There is presently a major effort in materials sciences to explore the unique properties of 2D materials. On the one hand, controllable valley degrees of freedom enrich the physical properties of few-layer graphene and transition-metal dichalcogenides, on which novel technologies than become promising. On the other hand, topological properties such as the quantum spin Hall effects in HgTe/CdTe and InAs/GaSb quantum wells open new avenues for fundamental physics and low-power electronics. However, none of these experimentally accessible 2D systems exhibit both prominent valleytronic and topological hallmarks.
The dual-valley PbS monolayer is demonstrated to be a novel platform for exploring topological and valleytronic phenomena by a joint team led by Prof. Yugui Yao (Beijing Institute of Technology) and Prof. Fan Zhang (University of Texas at Dallas), discussed in a recent article in Advanced Materials. The bandgaps of PbS few-layers cover a wide spectrum from the infrared to visible, making them promising for optoelectronics. Intriguingly, although the PbS few-layers are normal insulators, compressive strain can conveniently turn the monolayer into quantum spin Hall insulators. This feature may be utilized for mechanically controlled low-power electronic devices. Furthermore, in spite of the vanishing elliptic dichroism due to the inversion symmetry in the monolayer, optical pumping provides an efficient tool to characterize the topologically distinct phases and to facilitate the realization of charge, spin, and valley Hall effects in optoelectronic transport. Such transport can be tunable by external strain and light ellipticity. Similar results apply to other IV–VI semiconductors.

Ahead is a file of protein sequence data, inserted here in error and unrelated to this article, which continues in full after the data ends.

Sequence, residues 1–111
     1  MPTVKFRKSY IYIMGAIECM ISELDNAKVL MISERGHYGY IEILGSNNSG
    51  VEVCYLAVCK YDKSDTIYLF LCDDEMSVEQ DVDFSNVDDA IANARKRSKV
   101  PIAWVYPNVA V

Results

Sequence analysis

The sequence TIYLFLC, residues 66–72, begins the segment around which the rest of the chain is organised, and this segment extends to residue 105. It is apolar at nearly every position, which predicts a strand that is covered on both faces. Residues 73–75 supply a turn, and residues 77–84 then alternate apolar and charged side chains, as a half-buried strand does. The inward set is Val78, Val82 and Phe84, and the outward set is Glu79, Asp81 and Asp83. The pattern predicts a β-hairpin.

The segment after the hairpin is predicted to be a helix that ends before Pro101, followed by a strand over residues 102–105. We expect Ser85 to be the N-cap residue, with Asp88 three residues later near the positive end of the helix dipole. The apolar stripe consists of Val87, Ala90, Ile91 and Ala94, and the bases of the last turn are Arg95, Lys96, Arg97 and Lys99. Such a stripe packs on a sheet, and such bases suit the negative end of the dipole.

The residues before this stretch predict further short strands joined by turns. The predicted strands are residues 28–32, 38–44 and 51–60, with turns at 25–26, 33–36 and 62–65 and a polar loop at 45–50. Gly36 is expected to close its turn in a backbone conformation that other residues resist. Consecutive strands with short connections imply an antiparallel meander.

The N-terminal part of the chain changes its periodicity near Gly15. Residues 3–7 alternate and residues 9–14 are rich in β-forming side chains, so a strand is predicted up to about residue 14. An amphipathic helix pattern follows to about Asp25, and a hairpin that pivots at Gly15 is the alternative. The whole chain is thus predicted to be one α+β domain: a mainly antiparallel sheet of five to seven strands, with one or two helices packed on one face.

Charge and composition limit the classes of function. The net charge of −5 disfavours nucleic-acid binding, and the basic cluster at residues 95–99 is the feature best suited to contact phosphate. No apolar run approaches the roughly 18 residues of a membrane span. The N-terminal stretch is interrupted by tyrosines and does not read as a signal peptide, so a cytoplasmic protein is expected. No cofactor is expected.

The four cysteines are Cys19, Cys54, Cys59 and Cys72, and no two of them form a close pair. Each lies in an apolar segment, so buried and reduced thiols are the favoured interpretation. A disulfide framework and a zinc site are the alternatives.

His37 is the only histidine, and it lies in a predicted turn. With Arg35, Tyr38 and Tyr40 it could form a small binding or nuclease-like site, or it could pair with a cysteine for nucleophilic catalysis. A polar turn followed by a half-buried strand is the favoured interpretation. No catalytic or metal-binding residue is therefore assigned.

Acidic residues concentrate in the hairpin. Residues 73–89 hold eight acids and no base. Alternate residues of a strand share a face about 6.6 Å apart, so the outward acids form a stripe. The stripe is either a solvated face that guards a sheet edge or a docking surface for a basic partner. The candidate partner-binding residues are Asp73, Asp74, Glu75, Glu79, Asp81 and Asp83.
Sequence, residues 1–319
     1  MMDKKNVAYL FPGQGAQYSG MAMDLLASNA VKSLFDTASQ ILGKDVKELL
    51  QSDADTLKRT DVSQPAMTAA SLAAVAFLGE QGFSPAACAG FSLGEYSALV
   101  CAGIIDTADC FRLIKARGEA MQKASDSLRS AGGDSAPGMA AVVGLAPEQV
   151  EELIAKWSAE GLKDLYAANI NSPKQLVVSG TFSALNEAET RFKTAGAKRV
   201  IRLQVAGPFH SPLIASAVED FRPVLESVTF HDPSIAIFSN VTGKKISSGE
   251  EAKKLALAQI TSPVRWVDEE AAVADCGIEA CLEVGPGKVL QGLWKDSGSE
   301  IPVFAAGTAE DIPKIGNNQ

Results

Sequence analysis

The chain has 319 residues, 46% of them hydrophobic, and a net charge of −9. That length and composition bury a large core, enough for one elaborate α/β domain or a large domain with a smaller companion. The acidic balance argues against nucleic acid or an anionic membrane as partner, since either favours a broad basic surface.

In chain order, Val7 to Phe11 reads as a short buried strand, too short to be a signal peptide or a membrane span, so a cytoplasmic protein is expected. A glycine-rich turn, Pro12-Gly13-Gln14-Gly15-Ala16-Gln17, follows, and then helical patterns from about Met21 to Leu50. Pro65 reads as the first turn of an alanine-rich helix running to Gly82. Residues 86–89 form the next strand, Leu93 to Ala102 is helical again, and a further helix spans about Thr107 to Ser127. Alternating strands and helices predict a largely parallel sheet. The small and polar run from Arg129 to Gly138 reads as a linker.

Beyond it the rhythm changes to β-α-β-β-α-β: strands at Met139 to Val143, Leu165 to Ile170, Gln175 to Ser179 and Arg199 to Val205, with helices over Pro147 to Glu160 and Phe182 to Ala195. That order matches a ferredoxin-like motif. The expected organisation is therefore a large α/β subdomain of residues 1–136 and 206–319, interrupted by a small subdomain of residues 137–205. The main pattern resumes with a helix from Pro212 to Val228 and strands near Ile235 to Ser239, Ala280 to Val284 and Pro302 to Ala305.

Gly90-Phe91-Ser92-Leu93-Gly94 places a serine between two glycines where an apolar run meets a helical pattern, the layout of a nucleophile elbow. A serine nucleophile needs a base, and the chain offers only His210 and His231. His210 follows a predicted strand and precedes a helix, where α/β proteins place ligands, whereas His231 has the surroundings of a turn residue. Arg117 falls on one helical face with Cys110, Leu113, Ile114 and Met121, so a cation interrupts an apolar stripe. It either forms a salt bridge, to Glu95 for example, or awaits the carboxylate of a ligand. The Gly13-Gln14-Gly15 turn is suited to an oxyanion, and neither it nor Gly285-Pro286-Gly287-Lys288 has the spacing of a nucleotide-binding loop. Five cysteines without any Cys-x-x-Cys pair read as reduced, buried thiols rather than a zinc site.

Notably, PbS few-layers and SnTe bilayers have already been successfully synthesized. The new theoretical predictions on monolayer PbS immediately advance the current knowledge of 2D quantum materials, offer a unique platform for exploring novel topological, valleytronic, and optical phenomena, and will have a significant impact on many exciting experiments in the future.